Yuanyuan Chen, Mingyao Cai, Zemin Zhang, Mu Li

The Impact of Land Transfer-In on Crop Planting Structure and Its Heterogeneity among Farmers: Evidence from China

  • Nature and Landscape Conservation
  • Ecology
  • Global and Planetary Change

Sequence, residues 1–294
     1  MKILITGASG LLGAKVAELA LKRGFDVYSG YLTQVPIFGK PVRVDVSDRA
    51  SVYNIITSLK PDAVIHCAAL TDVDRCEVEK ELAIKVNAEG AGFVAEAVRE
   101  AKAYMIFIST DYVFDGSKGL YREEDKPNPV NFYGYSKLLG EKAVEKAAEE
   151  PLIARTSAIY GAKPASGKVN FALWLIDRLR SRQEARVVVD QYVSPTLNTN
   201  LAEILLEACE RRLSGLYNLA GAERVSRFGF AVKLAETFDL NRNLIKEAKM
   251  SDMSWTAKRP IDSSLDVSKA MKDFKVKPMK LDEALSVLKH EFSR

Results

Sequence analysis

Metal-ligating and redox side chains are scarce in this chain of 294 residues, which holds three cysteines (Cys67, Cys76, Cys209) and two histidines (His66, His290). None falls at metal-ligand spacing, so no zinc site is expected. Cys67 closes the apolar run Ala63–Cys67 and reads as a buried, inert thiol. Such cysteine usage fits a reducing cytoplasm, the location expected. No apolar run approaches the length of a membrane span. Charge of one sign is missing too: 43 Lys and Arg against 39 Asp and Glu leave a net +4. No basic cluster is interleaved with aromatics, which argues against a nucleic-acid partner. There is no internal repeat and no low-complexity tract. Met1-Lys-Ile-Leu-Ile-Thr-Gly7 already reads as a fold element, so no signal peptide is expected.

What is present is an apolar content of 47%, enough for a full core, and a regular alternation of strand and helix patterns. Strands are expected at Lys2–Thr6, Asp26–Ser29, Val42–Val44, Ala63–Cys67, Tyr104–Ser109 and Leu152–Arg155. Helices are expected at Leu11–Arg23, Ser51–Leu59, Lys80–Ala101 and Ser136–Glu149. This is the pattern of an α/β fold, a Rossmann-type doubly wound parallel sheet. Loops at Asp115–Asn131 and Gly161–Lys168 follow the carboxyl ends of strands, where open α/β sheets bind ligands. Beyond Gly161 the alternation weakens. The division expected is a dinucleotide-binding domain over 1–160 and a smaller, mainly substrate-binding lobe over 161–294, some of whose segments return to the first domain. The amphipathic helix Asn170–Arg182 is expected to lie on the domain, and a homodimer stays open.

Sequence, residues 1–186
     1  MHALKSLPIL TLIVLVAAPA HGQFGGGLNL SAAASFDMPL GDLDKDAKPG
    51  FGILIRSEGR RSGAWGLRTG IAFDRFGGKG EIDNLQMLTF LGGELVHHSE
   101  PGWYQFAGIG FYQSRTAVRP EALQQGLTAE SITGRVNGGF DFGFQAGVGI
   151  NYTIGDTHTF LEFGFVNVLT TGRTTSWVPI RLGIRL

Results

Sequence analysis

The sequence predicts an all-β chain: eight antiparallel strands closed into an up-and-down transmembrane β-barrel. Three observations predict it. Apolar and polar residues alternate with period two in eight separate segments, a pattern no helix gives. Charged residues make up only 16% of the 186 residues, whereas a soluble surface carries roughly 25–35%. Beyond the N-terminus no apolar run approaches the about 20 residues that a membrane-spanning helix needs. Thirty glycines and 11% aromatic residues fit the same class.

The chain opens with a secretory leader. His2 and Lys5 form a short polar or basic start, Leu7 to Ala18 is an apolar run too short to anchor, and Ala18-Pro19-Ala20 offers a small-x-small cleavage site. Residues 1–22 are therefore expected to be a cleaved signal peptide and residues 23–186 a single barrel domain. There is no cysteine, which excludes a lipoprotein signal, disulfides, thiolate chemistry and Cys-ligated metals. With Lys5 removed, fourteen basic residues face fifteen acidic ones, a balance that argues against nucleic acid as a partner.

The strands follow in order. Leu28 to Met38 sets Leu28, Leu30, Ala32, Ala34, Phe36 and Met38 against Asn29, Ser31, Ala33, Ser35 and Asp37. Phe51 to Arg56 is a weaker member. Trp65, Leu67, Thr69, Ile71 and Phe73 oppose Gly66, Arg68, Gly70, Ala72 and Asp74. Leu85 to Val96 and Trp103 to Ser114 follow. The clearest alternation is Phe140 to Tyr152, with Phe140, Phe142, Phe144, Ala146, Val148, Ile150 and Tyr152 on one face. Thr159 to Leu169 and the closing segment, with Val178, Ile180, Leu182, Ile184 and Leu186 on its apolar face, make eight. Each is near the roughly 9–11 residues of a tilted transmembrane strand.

The crop planting structure in the world has shown a trend of “non-grain”, which will shake the foundations of global food security in the long run. As a basic and important production factor, changes in land will have an impact on farmers’ crop planting decisions. In this paper, we take China, a country that is experiencing land transfer, “non-grain” production, and farmer differentiation, as the research area, use the household survey data at the national level, and adopt the methods of Propensity Score Matching (PSM) and multiple regression models to reveal the impact of land transfer-in on the crop planting structure and its heterogeneity among farmers. The results showed that land transfer-in can drive the crop planting structure to tend to be “non-grain” in China. The research conclusion was still valid after the robustness tests of expanding the sample size, increasing the number of control variables, and introducing endogenous problem management. The heterogeneity analysis indicated that the negative impact of land transfer-in on the planting of grain crops mainly exists for large-scale farmers and farmers with agriculture as the main source of income. Based on these findings, the Chinese government should formulate targeted policies to prevent the “non-grain” tendency of crop planting structure after land transfer-in.

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